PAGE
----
10. 10.
    Medzhitov R et al (1998) MyD88 is an adaptor protein in the hToll/IL-1 receptor family signaling pathways. Mol Cell 2(2):253–258CrossRefPubMedGoogle Scholar
  11. 11.
    Kagan JC, Medzhitov R (2006) Phosphoinositide-mediated adaptor recruitment controls Toll-like receptor signaling. Cell 125(5):943–955CrossRefPubMedGoogle Scholar
  12. 12.
    Fitzgerald KA et al (2003) IKKepsilon and TBK1 are essential components of the IRF3 signaling pathway. Nat Immunol 4(5):491–496CrossRefPubMedGoogle Scholar
  13. 13.
    Lord KA, Hoffman-Liebermann B, Liebermann DA (1990) Nucleotide sequence and expression of a cDNA encoding MyD88, a novel myeloid differentiation primary response gene induced by IL6. Oncogene 5(7):1095–1097PubMedGoogle Scholar
  14. 14.
    Bonnert TP et al (1997) The cloning and characterization of human MyD88: a member of an IL-1 receptor related family. FEBS Lett 402(1):81–84CrossRefPubMedGoogle Scholar
  15. 15.
    Wesche H et al (1997) MyD88: an adapter that recruits IRAK to the IL-1 receptor complex. Immunity 7(6):837–847CrossRefPubMedGoogle Scholar
  16. 16.
    Muzio M et al (1997) IRAK (Pelle) family member IRAK-2 and MyD88 as proximal mediators of IL-1 signaling. Science 278(5343):1612–1615CrossRefPubMedGoogle Scholar
  17. 17.
    Ngo VN et al (2011) Oncogenically active MYD88 mutations in human lymphoma. Nature 470(7332):115–119CrossRefPubMedGoogle Scholar
  18. 18.
    von Bernuth H et al (2008) Pyogenic bacterial infections in humans with MyD88 deficiency. Science 321(5889):691–696CrossRefGoogle Scholar
  19. 19.
    Lin SC, Lo YC, Wu H (2010) Helical assembly in the MyD88-IRAK4-IRAK2 complex in TLR/IL-1R signalling. Nature 465(7300):885–890CrossRefPubMedPubMedCentralGoogle Scholar
  20. 20.
    George J et al (2011) Two human MYD88 variants, S34Y and R98C, interfere with MyD88-IRAK4-myddosome assembly. J Biol Chem 286(2):1341–1353CrossRefPubMedGoogle Scholar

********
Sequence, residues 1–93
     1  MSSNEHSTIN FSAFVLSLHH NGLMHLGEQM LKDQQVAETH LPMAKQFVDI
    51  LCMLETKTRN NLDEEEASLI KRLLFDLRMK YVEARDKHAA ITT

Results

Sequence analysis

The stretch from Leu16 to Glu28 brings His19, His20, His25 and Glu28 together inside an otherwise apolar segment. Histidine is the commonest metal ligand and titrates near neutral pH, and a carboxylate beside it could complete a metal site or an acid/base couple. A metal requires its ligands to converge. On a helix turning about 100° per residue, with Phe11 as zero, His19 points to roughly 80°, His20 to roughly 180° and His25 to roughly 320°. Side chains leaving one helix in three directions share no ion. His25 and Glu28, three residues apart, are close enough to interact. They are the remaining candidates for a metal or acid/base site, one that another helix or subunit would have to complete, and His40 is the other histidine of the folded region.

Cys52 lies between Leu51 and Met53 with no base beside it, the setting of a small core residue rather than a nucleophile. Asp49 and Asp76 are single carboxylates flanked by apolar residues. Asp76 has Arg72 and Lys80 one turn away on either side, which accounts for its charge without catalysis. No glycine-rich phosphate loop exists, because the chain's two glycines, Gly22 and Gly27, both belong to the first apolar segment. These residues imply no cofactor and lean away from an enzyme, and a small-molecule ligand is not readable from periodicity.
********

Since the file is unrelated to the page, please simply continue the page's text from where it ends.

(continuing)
21. 21.
    Ferrao R et al (2014) IRAK4 dimerization and trans-autophosphorylation are induced by Myddosome assembly. Mol Cell 55(6):891–903CrossRefPubMedPubMedCentralGoogle Scholar
  22. 22.
    Kagan JC, Magupalli VG, Wu H (2014) SMOCs: supramolecular organizing centres that control innate immunity. Nat Rev Immunol 14(12):821–826CrossRefPubMedPubMedCentralGoogle Scholar
  23. 23.
    Gay NJ, Gangloff M, O’Neill LA (2011) What the Myddosome structure tells us about the initiation of innate immunity. Trends Immunol 32(3):104–109CrossRefPubMedGoogle Scholar
  24. 24.
    Bonham KS et al (2014) A promiscuous lipid-binding protein diversifies the subcellular sites of toll-like receptor signal transduction. Cell 156(4):705–716CrossRefPubMedPubMedCentralGoogle Scholar
  25. 25.
    Holler N et al (2003) Two adjacent trimeric Fas ligands are required for Fas signaling and formation of a death-inducing signaling complex. Mol Cell Biol 23(4):1428–1440CrossRefPubMedPubMedCentralGoogle Scholar
  26. 26.
    Micheau O, Tschopp J (2003) Induction of TNF receptor I-mediated apoptosis via two sequential signaling complexes. Cell 114(2):181–190CrossRefPubMedGoogle Scholar

Copyright information

© Springer Science+Business Media LLC 2018

Authors and Affiliations

  1. 1.Division of Gastroenterology, Harvard Medical SchoolBoston Children’s HospitalBostonUSA

Personalised recommendations